The 1983 collapse of the Mianus River Bridge on I-95 in Connecticut is one example of a failure that led to new and more rigid inspection requirements. That steel bridge also lacked redundancy. A corrosion induced crack of a steel pin connection that could not be accessed for a complete visual inspection caused the failure. Yet even with new ultrasonic testing equipment and methods there is no guarantee that such serious flaws will be detected.

The Schoharie Creek Bridge collapse four years later on the New York Throughway delivered the transportation community new lessons on bridge scour. More improvements were made to the national bridge inspection program. But it remains incredibly complex and difficult to examine the scour under a bridge pier when it is most critical, which happens to be during the worst periods of flooding.

Part of the point here is that older bridges aren’t any different than any engineered product, be it automobiles, airplanes, buildings, or pipelines. In our nation’s rush to build a world of mass convenience to facilitate our habits of mass consumption, there is a blindness to tomorrow that is related to using materials and design theories that are the best available at the time. No one can possibly gauge the magnitude of the future problems we create when the rush to build more and bigger, wider highways is always ahead of us.

Despite the American Society of Civil Engineers' report card that rates bridges a “C” (higher than all but one of the 15 categories), one must remember that every profession has its lobby. Engineers imagine a perfect world today from the present technological point of view. More, bigger and wider is work to an engineer, and that is especially handy for extracting their piece of the taxpayer pie to support their same mass consumption habit that none of us can afford to ignore.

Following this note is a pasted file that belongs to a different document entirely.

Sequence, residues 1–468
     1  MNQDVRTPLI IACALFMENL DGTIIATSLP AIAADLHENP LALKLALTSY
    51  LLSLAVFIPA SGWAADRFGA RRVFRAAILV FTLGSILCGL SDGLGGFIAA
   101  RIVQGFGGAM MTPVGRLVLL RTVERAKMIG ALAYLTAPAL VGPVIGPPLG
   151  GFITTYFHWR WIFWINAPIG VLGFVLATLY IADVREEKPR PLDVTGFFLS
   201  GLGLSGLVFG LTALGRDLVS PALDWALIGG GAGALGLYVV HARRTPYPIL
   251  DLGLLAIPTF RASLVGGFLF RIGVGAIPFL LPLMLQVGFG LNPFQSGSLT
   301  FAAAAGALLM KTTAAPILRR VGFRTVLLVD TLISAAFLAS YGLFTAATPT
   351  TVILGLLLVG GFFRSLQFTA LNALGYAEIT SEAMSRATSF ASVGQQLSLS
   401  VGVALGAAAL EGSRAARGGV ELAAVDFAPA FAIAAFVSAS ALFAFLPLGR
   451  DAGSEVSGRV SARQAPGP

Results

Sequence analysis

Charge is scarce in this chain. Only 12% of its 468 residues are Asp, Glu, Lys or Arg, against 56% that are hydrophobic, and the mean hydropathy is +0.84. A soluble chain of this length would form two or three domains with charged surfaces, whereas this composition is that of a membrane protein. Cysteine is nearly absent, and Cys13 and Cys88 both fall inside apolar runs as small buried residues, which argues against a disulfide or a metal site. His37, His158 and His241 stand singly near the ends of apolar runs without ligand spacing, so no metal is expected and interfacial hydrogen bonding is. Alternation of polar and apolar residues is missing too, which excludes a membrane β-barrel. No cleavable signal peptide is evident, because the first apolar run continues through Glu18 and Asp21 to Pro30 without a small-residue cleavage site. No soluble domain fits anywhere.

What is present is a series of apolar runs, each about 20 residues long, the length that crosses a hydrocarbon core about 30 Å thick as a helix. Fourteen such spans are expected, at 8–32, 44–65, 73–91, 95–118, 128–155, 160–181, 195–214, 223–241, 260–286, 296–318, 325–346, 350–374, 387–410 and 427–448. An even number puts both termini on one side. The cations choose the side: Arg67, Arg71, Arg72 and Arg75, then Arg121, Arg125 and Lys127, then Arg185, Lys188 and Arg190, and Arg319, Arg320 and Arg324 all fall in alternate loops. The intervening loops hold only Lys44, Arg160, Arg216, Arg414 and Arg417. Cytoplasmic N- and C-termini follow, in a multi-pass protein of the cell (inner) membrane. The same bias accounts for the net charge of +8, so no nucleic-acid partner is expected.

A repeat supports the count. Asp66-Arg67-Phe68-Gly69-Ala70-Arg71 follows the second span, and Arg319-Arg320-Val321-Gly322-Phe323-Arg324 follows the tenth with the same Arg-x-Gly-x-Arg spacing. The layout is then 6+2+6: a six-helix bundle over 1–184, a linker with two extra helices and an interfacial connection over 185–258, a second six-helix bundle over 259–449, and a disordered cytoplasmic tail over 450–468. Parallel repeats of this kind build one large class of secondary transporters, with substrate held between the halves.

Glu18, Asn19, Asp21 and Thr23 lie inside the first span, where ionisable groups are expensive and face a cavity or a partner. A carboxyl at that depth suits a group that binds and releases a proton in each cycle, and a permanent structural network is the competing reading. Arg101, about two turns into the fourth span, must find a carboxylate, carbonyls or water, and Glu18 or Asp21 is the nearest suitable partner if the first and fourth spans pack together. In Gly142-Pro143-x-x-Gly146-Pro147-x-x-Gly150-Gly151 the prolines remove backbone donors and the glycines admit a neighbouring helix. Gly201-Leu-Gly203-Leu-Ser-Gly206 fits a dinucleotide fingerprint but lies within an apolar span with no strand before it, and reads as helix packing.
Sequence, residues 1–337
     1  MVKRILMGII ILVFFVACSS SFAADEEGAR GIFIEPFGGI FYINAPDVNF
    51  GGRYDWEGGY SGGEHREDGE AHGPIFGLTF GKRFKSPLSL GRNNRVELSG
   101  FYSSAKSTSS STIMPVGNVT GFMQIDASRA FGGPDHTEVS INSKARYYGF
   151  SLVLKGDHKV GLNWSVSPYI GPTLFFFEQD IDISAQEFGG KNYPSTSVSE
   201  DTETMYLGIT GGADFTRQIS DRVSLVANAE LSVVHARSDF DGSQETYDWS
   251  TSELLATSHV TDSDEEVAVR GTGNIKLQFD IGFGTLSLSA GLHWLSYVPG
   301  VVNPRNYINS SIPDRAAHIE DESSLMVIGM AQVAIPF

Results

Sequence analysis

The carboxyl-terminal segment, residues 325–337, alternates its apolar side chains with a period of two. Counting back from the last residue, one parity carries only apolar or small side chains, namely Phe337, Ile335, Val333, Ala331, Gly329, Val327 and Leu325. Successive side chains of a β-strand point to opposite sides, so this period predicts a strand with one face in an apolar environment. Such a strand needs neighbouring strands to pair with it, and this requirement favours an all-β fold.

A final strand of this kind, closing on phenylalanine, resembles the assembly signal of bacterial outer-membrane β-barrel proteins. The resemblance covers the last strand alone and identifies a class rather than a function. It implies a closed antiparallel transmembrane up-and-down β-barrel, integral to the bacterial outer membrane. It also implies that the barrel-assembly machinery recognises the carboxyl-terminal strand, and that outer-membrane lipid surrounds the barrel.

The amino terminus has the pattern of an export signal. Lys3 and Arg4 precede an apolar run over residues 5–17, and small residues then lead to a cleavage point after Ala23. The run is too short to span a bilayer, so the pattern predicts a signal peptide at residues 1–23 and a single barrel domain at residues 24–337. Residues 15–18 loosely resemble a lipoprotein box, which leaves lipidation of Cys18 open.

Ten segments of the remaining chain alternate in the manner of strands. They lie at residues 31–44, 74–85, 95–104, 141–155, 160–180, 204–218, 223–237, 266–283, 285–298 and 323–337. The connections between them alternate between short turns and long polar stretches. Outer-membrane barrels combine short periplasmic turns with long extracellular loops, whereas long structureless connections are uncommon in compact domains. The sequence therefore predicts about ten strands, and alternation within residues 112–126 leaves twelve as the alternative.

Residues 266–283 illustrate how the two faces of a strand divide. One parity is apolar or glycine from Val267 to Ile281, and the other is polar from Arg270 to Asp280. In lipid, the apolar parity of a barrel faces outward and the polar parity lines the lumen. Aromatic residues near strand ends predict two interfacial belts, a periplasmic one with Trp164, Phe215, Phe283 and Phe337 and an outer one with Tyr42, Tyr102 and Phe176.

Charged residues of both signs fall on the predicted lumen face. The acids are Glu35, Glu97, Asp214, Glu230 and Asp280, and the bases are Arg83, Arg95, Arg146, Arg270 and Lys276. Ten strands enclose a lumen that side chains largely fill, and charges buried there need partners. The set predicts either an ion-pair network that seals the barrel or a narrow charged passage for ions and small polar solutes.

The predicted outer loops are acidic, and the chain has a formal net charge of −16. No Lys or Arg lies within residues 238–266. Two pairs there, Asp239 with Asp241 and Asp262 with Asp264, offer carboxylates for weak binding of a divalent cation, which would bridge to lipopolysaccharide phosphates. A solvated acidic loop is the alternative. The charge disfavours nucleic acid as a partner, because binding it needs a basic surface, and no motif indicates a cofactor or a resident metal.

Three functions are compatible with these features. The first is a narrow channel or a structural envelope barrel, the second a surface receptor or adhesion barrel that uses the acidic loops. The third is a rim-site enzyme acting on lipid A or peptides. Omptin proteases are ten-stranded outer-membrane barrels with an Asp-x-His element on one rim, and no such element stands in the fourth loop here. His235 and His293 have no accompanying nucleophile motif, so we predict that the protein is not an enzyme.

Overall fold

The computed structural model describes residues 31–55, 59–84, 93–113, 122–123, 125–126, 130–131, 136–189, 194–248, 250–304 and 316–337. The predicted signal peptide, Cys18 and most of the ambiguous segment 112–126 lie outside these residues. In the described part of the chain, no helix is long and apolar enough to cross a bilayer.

In an ideal world, Nichols new slogan “No More Collapses” is an admirable goal. But our cultural vision of the ideal world would ask that we all escape premature death by being protected from every conceivable kind of accident, crime, disease and even natural disaster.

Which brings me to my second point. Sometimes planes crash, buildings burn, and bridges fall. Natural disasters like Hurricane Katrina and the 1989 Loma Prieta earthquake in California magnify the reality that often yesterday’s public works projects were prematurely declared successes. Time is the only true arbiter and judge for many of our engineering accomplishments.

If we look at all the evidence before we judge the present situation as a negligent failure that reveals an imposing threat to our way of life, what we’ll find is that the initial reaction needs to be tempered with caution and an overall societal responsibility. Ranting about “the war against the transportation terror in our own back yard terror” reeks of political opportunism. It is a mistaken departure from seeking the truth.

We can’t ask and shouldn’t expect the government to protect us from all possibility of death in the air, on highways, or in buildings. If we as antiwar activists honestly believe that Bush sowed the seeds of fear to sell his war and turn the country into a police state, then we mustn’t stoop to his level of abusing the truth by trying to mobilize new fears so that we can blame the administration for this tragedy. We have to be truthful first and foremost or we become like them.

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by Rich in Juneau